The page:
LOVE this clip! #Unit 3

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Modern Slavery

Modern Slavery | Geography Education | Scoop.it

"I recently saw this map in a Washington Post article about modern day slavery and was immediately was struck by the spatial extent and amount of slaves in today’s global economy.  As stated in that article, “This is not some softened, by-modern-standards definition of slavery. These 30 million people are living as forced laborers, forced prostitutes, child soldiers, child brides in forced marriages and, in all ways that matter, as pieces of property, chattel in the servitude of absolute ownership.”  This map shows some important spatial patterns that seem to correlate to economic and cultural factors."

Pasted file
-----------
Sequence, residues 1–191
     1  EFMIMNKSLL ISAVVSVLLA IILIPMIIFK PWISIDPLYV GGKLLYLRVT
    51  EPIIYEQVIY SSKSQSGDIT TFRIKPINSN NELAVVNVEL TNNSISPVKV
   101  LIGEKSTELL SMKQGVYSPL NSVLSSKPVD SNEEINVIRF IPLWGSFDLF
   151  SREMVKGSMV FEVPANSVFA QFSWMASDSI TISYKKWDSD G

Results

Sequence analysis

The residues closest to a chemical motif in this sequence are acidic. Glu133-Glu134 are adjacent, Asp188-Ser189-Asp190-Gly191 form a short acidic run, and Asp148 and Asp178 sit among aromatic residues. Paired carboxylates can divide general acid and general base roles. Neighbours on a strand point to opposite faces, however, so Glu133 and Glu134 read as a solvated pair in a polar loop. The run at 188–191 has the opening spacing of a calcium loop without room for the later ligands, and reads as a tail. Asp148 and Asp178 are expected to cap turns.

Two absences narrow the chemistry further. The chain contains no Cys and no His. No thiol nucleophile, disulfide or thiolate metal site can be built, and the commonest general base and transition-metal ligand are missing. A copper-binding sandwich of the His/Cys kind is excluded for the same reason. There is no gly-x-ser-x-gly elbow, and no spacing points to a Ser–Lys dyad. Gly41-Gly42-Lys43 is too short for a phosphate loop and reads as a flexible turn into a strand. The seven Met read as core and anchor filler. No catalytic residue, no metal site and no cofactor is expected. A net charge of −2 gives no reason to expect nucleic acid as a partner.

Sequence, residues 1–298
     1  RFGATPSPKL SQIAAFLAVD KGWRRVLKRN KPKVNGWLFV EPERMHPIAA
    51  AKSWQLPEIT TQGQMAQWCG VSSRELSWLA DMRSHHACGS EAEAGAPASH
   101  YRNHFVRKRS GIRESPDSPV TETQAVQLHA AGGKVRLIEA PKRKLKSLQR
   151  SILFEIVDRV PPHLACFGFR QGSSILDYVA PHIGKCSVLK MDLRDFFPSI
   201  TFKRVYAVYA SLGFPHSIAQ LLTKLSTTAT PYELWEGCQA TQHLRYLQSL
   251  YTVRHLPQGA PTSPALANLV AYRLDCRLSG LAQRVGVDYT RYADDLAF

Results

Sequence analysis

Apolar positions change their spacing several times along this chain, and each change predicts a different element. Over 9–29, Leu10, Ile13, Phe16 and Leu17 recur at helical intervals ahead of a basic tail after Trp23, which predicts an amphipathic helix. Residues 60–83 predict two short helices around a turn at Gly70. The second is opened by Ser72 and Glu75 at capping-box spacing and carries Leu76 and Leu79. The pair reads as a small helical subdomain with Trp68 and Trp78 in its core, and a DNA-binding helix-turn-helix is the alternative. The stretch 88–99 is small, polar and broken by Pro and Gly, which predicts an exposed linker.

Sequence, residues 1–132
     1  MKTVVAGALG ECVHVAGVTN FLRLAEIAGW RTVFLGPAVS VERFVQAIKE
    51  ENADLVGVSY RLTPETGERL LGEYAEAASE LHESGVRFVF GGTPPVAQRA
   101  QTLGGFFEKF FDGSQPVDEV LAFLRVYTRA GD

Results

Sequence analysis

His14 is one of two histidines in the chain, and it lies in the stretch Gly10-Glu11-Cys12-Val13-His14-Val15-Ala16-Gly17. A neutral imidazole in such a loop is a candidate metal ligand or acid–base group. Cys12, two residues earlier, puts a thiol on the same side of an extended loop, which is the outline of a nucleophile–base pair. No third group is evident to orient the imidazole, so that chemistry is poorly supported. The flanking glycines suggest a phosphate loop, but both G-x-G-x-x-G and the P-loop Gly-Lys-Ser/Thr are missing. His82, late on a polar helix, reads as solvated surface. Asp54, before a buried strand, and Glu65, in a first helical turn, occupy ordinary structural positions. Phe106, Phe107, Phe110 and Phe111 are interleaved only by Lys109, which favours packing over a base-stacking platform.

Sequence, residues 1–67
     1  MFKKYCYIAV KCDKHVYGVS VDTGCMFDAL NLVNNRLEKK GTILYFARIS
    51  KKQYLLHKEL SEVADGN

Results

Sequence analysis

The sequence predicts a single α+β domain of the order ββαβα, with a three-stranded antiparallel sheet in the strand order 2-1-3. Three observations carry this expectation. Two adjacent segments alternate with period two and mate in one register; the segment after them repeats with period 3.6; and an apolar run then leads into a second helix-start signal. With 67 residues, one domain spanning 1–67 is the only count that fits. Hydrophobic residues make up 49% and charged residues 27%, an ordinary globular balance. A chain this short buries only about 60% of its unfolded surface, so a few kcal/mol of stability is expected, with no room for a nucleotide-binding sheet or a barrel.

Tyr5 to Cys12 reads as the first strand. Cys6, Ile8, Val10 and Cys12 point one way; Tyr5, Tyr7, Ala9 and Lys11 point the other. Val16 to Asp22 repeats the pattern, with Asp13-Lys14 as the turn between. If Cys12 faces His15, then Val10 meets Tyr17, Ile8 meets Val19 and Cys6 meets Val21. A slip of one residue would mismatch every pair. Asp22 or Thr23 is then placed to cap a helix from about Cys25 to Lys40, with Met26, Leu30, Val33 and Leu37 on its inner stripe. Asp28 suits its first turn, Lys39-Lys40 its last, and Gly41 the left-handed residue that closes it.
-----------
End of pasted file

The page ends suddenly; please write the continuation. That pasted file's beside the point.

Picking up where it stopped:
Seth Dixon's insight:

This Washington Post article got me thinking about the geographies of supply chains.  The growing spread of the informal economy (a.k.a.-illicit trade, black market, etc.) has created opportunities for exploitation.  Many argue that free trade was created this power differential between the laborers who create these mass-manufactured products and the global consumers.  These critics argue that fair-trade, not free trade, with lead to sustainable economic growth and minimize social injustice.  Here is a NY Times article about how Mauritania is now confronting it's slavery past and present


Questions to Ponder:  What economic and cultural forces are needed for slavery to thrive?  What realistically could be done to lessen the amount of slavery in the world today? How are your spending habits part of the system?


Additionally, this TED video (archived on scoop.it here) is a chilling glimpse into the worst and darkest side of the global labor system. 


Tags: labor, economic, class, poverty.

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Steven Flis's curator insight, December 16, 2013 11:15 AM